Edo de Waart conducts the CSO- 4 concerts of Mozart and Beethoven

On June 2, 3, 4 and 7, 2016, Dutch conductor Edo De Waart led the Chicago Symphony Orchestra in subscription concerts featuring works by Mozart and Beethoven, with Daniel Gingrich, CSO Acting Principal Horn player as soloist, at Symphony Center, 220 S. Michigan, Chicago. De Waart, Currently Music Director of both the Milwaukee  and the New Zealand Symphonies as well as Chief Conductor of the Royal Flemish Philharmonic and Conductor Laureate of the Netherlands radio Philharmonic, stepped in at the last minute for guest Conductor Christopher Dohnanyi, recovering from eye surgery. He did a wonderful job with our great orchestra in this resonant program.

Edo de Waart; photo courtesy of Edo de Waart

 This reviewer attended the first performance. The CSO, under the firm, controlled hands (and baton) of De Waart, performed two symphonies in the key of D Major, Mozart’s Symphony No. 38 in D Major, known as “The Prague”, (K. 504), and Beethoven’s Symphony No. 2 in D Major (Op. 36), with Mozart’s Horn Concerto No. 3 in E-flat Major, (K. 447), featuring Gingrich in-between- a beautiful, lyrical program.

Daniel Gingrich and Maestro Edo de Waart

Wolfgang Amadeus Mozart composed his Symphony No. 38 in late 1786; it premiered in Prague on January 19, 1787, during his first visit to that city, giving the work it’s name. It has been posited that the symphony was written for the visit, in light of the lavish use of wind instruments, as “the wind players of Bohemia were famed throughout Europe” at this time. In any event, it has been acknowledged that Mozart’s use of wind instruments in the piece “represents a major advance in Mozart’s symphonic technique that was imitated in his last symphonies” and also imitated by other composers, including Beethoven.  Indeed, the ” Prague” contains many passages in which one hears no stringed instruments at all- only wind ensembles of various kinds.

Daniel Gingrich with the Chicago Symphony Orchestra

De Waart opened the three sonata-form movements with this symphonys famously long, slow and sophisticated introduction, which gave way to 6 melodies, the violins “trading off”,  the orchestral effects of tympani and winds announcing the final chord. The second movement begins traditionally and then shifts into contrasting moods. Finally, the third movement, with its prominent flute, has been called lively, and even boisterous, with repeats of both halves. DeWaart and the CSO produced a sophisticated version of this remarkably emotional piece- the great wind players almost violent in their rendition, yet always controlled.

Daniel Gingrich and Conductor Edo de Wart with the Chicago Symphony Orchestra

The 4 Horn Concertos, each approximately 20 minutes in duration, by Wolfgang Amadeus Mozart were written for his childhood friend, Joseph Leutgeb, a skilled player. They were notoriously difficult to play on that period’s natural horn, and even today require a very skilled player, such as the CSO’s Daniel Gingrich. Horn Concerto no. 3 in E flat Major (Opus 36), completed between 1784 and 1787, during Mozart’s “Vienna Period”, was scored for 2 clarinets, 2 Bassoons, Solo Horn and strings; the work is in three movements, and, at 15 minutes long, is typically grouped with the others. Hearing it alone between the Symphonys brought a lovely interlude of fine solo performance. The concerto “has clarinets besides bassoons and strings for accompaniment. They bring warmth and light coloring to this most attractive work.” Gingrich skillfully managed the challenges of the piece, concluding energetically with the especially strong finale.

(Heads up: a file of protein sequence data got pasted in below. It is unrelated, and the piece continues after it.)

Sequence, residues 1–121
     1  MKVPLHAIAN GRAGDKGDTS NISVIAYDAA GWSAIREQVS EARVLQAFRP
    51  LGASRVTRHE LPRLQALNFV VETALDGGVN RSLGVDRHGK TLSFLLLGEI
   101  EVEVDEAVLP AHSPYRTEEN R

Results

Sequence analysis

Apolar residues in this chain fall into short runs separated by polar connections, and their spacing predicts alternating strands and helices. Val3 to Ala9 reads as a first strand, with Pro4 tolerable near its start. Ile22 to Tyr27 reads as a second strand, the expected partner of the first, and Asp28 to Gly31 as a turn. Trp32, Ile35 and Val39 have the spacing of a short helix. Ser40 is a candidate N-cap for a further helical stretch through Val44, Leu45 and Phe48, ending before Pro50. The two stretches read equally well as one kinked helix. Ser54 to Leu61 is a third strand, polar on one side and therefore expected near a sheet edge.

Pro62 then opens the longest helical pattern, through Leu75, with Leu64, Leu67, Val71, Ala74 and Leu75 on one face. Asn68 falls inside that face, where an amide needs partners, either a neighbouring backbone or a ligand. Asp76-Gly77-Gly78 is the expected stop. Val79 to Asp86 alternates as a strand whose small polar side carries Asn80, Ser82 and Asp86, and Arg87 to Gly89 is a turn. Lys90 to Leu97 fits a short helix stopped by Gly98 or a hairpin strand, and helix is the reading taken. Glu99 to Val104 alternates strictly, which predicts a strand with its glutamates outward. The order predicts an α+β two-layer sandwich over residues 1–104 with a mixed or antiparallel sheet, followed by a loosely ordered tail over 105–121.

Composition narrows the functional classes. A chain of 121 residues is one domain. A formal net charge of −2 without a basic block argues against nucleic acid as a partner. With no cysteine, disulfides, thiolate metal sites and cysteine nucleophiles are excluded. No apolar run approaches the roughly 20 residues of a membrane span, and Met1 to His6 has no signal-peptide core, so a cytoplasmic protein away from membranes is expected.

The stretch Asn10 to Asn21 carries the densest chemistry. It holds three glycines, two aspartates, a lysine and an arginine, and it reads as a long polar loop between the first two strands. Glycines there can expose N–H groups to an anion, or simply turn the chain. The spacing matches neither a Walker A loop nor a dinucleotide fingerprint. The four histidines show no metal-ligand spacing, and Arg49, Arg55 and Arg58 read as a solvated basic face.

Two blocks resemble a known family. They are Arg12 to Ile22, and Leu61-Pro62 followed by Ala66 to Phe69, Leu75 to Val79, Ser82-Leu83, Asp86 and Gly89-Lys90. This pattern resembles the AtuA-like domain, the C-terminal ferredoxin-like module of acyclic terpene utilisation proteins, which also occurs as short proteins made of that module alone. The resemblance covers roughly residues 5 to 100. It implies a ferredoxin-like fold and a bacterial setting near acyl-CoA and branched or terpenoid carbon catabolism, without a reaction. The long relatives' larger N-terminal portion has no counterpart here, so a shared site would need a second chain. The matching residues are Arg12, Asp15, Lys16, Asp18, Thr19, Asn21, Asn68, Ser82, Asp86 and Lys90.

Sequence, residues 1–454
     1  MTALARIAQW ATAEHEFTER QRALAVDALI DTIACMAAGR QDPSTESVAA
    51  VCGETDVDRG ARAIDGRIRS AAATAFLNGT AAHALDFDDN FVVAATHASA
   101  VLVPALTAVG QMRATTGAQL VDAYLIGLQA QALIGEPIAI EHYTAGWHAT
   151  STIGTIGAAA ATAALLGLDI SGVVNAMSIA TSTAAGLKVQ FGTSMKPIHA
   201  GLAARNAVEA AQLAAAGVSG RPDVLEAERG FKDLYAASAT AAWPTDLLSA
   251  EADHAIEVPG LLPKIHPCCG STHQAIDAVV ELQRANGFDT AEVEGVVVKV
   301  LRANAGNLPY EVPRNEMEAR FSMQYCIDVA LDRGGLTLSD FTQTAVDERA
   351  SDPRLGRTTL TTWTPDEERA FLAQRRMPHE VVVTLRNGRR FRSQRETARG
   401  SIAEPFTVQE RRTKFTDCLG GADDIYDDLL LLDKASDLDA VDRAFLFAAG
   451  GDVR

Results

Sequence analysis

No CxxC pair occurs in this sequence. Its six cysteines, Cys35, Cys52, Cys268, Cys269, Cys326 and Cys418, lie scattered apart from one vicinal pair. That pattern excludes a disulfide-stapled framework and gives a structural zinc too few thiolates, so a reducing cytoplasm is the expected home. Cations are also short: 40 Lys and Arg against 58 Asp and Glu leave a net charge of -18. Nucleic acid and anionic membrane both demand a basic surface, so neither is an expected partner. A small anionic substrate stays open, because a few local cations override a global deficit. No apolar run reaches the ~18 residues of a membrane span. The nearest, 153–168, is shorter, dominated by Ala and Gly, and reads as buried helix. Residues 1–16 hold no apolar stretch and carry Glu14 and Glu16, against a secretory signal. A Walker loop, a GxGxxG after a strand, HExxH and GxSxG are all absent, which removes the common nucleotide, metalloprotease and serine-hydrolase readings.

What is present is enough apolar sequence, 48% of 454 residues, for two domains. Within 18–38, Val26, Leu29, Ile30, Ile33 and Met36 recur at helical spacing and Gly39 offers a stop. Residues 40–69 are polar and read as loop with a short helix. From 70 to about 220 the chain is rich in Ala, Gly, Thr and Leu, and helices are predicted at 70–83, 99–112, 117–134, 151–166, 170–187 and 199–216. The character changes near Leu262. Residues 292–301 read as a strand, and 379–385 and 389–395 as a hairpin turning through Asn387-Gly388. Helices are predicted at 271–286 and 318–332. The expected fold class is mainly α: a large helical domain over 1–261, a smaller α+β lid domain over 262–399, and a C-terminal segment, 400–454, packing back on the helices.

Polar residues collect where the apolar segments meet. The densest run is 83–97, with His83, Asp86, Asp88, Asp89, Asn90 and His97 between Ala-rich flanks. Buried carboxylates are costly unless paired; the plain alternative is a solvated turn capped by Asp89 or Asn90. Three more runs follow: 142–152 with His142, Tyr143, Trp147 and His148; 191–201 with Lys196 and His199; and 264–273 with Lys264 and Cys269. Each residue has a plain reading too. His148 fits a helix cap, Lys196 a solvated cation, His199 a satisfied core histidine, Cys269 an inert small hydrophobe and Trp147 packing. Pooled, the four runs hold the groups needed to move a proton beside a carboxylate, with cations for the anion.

Horn player Daniel Gingrich

After the intermission, the sold-out audience was treated to Ludwig Von Beethoven’s Symphony No. 2 in D Major, (Op.360), written between 1801-1802, at a time when the composer’s deafness was becoming more profound. This piece was a divergence from the typical symphonic form, since it lacked the standard minuet, replacing it with a scherzo, which, it has been acknowledged, gave the bold composition “even greater scope and energy”. Maestro de Waart, immaculate in couture black attire, held the CSO on a strong lead in this 35 -minute symphony.   The piece was much criticized in it’s day for containing musical jokes (typical of Beethoven) in the last two movements; the Scherzo “encloses a melodious oboe and bassoon quartet within typical Austrian side-slapping dance”, while the fourth and final movement, composed of very lovely rapid string passages, opens with what has been called a motif resembling a hiccup! To this reviewer, it sounded more like a little gallop- a lively way to start.

Daniel Gingrich and Conductor Edo de Waart

 For tickets to other wonderful concerts by the Chicago Symphony and it’s attendant programs and series, go to the Chicago Symphony Orchestra website www.cso.org

Unless otherwise noted, all photos courtesy of Todd Rosenberg 



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